Syringe horror for boy, 3, on Balbriggan beach on Easter Sunday

by Sylvia Pownall

A mother-of-four has told of her horror after her three-year-old son picked up a used syringe while building sandcastles on the beach on Easter Sunday.

Jayne Robinson (36) said her blood ran cold when the tot innocently asked her “What’s this, mammy?” as he handed the filthy needle to his 12-year-old brother.

She told Dublin Gazette: “They are just lucky they didn’t get a prick from it because that could have been fatal. I will never bring my kids near that beach again.

“You never think of something like this until it happens to you. I still feel sick thinking how serious it could have been.”

Meanwhile, in a separate incident on the same beach, a group of 13-year-old girls were forced to ring their parents to collect them after a gang threatened to “punch the head off” them on Easter Monday.

Jayne said it was unclear whether the syringe had been used to shoot up heroin or if it was medical waste washed up on the beach in Balbriggan.

But she said either way the consequences could have been very serious and she is urging other parents to be vigilant.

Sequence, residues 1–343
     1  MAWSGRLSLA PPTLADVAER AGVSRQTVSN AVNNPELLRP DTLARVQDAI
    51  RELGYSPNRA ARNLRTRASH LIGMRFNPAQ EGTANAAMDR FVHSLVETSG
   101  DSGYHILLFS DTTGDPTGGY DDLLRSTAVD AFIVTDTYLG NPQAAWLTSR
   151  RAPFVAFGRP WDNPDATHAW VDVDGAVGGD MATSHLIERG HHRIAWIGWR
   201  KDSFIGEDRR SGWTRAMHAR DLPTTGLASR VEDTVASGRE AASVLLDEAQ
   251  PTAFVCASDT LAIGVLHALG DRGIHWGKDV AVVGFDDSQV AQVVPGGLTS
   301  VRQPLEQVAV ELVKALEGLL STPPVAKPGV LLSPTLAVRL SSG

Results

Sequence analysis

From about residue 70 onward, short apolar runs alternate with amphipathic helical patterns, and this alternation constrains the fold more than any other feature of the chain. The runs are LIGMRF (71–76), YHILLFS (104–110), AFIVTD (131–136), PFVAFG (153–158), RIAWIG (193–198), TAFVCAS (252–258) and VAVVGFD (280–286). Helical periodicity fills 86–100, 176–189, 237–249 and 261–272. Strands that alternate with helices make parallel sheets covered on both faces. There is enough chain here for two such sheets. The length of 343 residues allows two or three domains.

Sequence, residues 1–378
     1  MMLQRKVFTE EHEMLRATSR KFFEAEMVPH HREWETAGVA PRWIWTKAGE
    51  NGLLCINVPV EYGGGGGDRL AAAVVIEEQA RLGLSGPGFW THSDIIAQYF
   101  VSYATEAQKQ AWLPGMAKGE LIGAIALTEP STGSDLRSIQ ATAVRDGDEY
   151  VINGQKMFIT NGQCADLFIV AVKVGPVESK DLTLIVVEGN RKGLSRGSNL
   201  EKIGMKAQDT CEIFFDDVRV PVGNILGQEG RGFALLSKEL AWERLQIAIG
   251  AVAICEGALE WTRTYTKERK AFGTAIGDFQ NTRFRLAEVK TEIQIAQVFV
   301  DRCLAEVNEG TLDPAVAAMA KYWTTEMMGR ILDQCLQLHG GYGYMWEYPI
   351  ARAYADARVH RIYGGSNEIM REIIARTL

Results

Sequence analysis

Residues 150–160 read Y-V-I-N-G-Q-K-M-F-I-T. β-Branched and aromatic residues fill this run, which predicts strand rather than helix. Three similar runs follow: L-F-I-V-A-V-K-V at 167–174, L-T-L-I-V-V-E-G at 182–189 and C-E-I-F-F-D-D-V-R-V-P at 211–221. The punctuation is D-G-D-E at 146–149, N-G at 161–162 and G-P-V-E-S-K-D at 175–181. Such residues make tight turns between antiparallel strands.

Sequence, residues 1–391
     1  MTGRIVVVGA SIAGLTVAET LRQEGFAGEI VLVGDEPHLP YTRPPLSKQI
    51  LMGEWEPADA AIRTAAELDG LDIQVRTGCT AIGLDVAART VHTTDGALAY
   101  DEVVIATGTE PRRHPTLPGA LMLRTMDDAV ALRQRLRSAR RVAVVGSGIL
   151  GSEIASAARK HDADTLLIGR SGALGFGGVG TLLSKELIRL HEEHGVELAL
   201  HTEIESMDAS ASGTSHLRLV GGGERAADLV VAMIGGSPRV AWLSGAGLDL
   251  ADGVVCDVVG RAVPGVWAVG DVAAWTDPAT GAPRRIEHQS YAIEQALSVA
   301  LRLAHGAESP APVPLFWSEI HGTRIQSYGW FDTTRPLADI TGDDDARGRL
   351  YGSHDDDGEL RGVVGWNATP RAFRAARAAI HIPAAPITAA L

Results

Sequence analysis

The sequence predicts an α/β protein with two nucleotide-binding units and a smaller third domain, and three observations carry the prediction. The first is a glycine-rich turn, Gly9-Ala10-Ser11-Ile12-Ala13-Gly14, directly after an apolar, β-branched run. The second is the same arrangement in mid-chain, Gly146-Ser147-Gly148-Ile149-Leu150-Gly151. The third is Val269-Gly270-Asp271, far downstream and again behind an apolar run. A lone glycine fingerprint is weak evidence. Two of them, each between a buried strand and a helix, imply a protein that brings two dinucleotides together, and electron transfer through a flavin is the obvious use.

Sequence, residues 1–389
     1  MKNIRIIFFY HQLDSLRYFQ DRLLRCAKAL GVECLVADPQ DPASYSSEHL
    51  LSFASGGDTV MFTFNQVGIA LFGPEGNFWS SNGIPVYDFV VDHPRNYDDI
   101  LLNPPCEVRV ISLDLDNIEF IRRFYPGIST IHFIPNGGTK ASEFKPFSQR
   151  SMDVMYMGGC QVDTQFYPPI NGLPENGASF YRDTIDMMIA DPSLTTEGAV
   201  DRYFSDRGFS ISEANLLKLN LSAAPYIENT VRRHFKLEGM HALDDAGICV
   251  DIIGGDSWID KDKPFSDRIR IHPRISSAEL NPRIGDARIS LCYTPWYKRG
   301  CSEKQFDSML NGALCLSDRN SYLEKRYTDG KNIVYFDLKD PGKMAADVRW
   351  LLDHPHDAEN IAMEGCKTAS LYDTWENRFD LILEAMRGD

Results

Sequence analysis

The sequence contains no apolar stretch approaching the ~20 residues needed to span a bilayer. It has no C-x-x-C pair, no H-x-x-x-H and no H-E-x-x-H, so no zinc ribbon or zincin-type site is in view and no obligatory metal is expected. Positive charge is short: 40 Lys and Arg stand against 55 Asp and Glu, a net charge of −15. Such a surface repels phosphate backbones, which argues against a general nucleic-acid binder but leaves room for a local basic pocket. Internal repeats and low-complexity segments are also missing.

She said: “The top of it was brown and there was some liquid still inside it. We packed up and left straight away.

“The beach was packed. It was a really hot day and the kids were swimming in the water and running around barefoot on the sand.

“If there’s one used needle, you may be sure there’s more there. Parents need to be careful and keep a very close eye on their kids.

“It’s a beautiful beach but that is the last time that I will set foot on it.”

There were a number of unprovoked attacks on Balbriggan beach last summer and parents are calling for garda patrols to prevent a repeat this year.

In Monday’s incident, a small group of 13-year-old girls were approached by a gang of up to 20 females aged 15 and 16 who hurled abuse and threatened them.

The parents who arrived to collect them were also threatened with violence with a girl described as the ringleader reportedly warning she would get her dad to beat them up.

One parent fumed: “Why should young people have to stay indoors because of these low-lifes?

“This sort of behaviour needs to be tackled because it is getting out of hand.”

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